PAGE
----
But, statistics are only good for drinking coffee and sitting inside of an office. Lake Tahoe snowpack can behave drastically differently depending on the conditions. Right now in early spring, the avalanche danger is extreme. Multiple persistent weak layers are present, which is unusual for us, including one of them being a surface hoar. That is more typical in a continental snowpack out in Utah. I haven’t seen a snowpack like this in years. We can read all we want about past trends, but the most important thing is education and knowing how to make life altering decisions for yourself.
My Favorite Places in Tahoe for Backcountry Skiing
Now that I have shared why I think Lake Tahoe is a gem, I’ll share some of my personal favorites areas and must-ski backcountry treks.
Silver Peak is perfect for beginners or anyone looking for something classic
Silver Peak is coined Tahoe’s local gem because it’s close to Alpine Meadows and Palisades Tahoe but nowhere near as busy. Silver Peak does attract it’s fair share of crowds but for good reason. The views of Lake Tahoe from the summit can’t go unnoticed. A great spot for beginner backcountry skiers, the tour starts with a low-angled hour long ascent along a snow covered road. It picks up to a 1,500-foot climb to the summit sitting at 8,930 feet. From there, the terrain varies from bowls to long tree runs. With so many options, it’s the perfect place for someone dipping their toes into Tahoe backcountry skiing or splitboarding. The top of the summit is a small pinnacle that really feels like you’re sitting on top of the world. In Tahoe, you rule the mountains.
Head to Castle Peak for avalanche rescue practice or ski mountaineering
Castle Peak sits at a little over 9,000 feet. It’s plethora of terrain options for skiing are great for both spring and storm skiing. It’s no wonder why the parking lots are packed early in the morning. An early start is absolutely necessary. Don’t get discouraged. Most people at the parking lot are here for sledding, not backcountry skiing. You will encounter almost no one in the backcountry. When you first start to hike, you’ll pass the beautiful Castle Meadow. This is a perfect place for a day of avalanche rescue practice or to refresh your skills before heading all the way up. Even if you already took an avalanche course in Lake Tahoe, which you must do if you plan on venturing into the backcountry on your own, practice makes perfect. Practice ensures that we never get rusty. Avalanche safety and rescue should become second hand nature, because if a disaster were to occur, you have to act quickly.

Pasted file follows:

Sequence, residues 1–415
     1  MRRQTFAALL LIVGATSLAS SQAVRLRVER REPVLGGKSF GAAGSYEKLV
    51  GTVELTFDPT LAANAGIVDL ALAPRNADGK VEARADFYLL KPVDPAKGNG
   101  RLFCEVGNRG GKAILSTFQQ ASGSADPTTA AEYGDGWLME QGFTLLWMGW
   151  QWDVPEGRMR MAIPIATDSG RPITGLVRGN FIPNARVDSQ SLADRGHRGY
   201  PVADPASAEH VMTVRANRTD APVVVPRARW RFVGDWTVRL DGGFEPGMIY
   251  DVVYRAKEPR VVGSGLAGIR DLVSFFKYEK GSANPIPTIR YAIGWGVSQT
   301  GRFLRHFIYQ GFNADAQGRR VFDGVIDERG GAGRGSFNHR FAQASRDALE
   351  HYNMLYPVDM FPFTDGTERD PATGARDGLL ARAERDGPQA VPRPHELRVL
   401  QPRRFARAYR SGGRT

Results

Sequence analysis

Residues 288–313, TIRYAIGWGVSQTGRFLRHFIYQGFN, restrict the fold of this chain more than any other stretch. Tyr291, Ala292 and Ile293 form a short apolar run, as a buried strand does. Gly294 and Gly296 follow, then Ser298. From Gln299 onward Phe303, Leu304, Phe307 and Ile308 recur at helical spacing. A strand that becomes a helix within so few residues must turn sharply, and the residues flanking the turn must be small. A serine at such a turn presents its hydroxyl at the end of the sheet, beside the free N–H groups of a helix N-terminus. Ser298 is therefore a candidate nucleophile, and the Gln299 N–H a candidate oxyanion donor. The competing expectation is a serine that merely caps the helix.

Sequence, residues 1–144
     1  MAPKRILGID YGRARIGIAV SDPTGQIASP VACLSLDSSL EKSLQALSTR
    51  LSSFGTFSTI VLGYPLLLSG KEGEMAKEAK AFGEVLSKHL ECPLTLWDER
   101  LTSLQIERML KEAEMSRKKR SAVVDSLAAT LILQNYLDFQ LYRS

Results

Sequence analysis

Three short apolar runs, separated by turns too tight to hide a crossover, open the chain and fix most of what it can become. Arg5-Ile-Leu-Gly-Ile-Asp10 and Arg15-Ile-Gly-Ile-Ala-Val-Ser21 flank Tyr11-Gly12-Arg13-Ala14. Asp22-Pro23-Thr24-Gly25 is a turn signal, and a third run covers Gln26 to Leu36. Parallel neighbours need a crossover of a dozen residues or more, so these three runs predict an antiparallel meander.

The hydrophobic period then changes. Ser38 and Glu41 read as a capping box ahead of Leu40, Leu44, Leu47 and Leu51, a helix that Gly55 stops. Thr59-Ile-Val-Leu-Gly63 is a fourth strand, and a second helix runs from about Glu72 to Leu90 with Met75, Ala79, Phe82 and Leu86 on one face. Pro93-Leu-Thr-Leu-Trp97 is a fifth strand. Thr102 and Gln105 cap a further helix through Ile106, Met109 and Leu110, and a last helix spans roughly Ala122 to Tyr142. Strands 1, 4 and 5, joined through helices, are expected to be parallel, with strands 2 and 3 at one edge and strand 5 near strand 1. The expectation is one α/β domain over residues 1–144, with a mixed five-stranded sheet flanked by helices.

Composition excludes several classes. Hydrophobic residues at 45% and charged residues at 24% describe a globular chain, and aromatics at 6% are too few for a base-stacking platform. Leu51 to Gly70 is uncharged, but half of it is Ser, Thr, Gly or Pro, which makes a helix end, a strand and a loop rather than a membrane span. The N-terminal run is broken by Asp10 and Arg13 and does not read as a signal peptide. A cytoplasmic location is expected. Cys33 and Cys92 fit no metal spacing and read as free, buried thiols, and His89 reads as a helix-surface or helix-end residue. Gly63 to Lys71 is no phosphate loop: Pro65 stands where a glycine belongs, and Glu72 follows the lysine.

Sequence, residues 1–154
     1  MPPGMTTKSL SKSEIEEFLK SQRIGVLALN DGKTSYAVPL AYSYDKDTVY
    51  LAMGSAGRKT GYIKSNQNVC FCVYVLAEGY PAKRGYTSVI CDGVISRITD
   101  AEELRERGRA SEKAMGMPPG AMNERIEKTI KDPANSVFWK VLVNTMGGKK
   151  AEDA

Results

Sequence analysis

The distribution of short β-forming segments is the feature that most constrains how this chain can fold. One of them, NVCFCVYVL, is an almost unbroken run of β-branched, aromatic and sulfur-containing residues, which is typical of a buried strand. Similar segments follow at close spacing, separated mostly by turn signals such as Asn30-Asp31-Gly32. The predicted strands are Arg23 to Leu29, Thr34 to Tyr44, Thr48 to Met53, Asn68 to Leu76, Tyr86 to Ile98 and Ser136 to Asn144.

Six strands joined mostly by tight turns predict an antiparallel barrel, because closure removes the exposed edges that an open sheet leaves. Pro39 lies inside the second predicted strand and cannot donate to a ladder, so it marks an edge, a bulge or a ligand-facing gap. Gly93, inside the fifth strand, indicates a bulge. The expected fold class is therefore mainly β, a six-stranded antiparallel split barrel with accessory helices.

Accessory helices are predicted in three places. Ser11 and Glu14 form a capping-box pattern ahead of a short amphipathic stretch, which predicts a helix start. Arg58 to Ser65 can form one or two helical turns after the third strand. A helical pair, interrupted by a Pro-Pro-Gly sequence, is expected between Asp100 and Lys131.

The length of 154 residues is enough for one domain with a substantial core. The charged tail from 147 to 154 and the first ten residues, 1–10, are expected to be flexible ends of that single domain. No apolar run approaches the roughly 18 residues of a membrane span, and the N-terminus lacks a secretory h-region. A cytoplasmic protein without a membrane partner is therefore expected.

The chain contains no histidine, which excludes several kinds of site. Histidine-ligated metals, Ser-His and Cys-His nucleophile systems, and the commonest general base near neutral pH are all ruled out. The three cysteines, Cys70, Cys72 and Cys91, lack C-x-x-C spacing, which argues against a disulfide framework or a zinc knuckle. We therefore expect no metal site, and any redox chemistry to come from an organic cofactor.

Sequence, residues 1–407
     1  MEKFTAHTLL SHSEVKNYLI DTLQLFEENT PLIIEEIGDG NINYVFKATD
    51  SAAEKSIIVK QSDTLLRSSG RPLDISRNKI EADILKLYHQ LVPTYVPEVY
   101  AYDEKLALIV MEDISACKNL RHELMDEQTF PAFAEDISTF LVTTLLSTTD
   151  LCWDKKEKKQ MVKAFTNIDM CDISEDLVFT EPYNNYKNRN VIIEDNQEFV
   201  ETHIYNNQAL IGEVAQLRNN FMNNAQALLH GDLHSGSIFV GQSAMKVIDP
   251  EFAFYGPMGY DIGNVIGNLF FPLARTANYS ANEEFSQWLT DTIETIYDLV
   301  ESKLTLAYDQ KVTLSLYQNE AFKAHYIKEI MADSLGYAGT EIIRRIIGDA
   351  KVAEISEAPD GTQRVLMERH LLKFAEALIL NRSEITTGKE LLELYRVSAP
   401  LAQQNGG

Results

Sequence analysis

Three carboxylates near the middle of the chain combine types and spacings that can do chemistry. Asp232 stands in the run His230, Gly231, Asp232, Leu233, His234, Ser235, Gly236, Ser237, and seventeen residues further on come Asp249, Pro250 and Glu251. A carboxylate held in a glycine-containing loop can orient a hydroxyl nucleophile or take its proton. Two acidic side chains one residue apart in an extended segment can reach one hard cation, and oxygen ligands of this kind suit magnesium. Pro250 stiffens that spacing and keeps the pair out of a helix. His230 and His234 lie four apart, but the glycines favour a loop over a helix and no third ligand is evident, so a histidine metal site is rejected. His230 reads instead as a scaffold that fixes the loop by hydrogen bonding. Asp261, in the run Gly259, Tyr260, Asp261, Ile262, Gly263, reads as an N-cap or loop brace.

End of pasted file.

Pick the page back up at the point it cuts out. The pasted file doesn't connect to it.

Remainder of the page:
Head to the Castle Peak summit for ski mountaineering
The top of Castle Peak is the way to go to level up your skiing abilities, or if you want to try ski mountaineering. The peak has a nice craggy summit perfect for ski mountaineering training. From the top, you can drop into a 2,000-foot south face for corn skiing. This is a popular and accessible descent. The runs below the buttress are great for doing laps, conditions permitting. The other option is heading to an expansive north bowl with drops into northerly chutes.
Beginners will enjoy the Andesite Peak saddle despite the vertical
For a quick and easy run, head over to Andesite Peak. The Andesite Peak saddle is the main drop off point for skiing in the Castle Peak area. Because of it’s access to different types of terrain, the saddle makes a great option when avalanche danger is high on other aspects. The approach is mellow and makes for an easy day. On the last stretch of the hike, the vertical grade increases a bit, but it’s still suitable for beginners.
For Advanced Riders Who Want Untouchable Terrain in Tahoe
Backcountry access through the resort is only available at Alpine Meadows within the Tahoe region. Palisades Tahoe resort has closed borders. You cannot duck a rope, and they have no backcountry access. Some history here: Palisades Tahoe is mostly private property. A lot of other ski areas in the west are on forest service permits translating into public land. The mostly private designation for skiing Tahoe is really a shame because Palisades Tahoe is surrounded by some epic backcountry terrain. Alpenglow Expeditions is fortunate to have an agreement with Palisades Tahoe/Alpine Meadows to use their lift system to access remote backcountry areas. We get to use the lifts to Granite Chief Peak, sitting at 9,000 feet elevation. We leave the resort and explore from there.
National Geographic Bowl is advanced lift-access terrain in Tahoe
One of the best bows to ski in this area is the National Geographic Bowl. This thing has everything from wide open bowls to tight chutes to rocky, steep descents. The ridgeline continues to reveal great ski areas. It’s like lifting a blanket off a treasure. The National Geographic Bowl is advanced and remote. We use the lifts but after arrival, it’s just like a normal day of backcountry skiing. We drop down into the bowls, and then hike back up. We usually do a few laps before heading back to the resort and ski all the way down. Think of it like a reverse day of backcountry skiing. You ski first, then you skin. That said, the lift doesn’t make it any easier than a normal day of backcountry skiing. We still earn our turns. But it is all about the access to the backcountry. The lift gets us to untouched terrain and gives you some help with the amount of vertical you have to get up.
High Sierra delivers 14,000-foot advanced ski mountaineering in the spring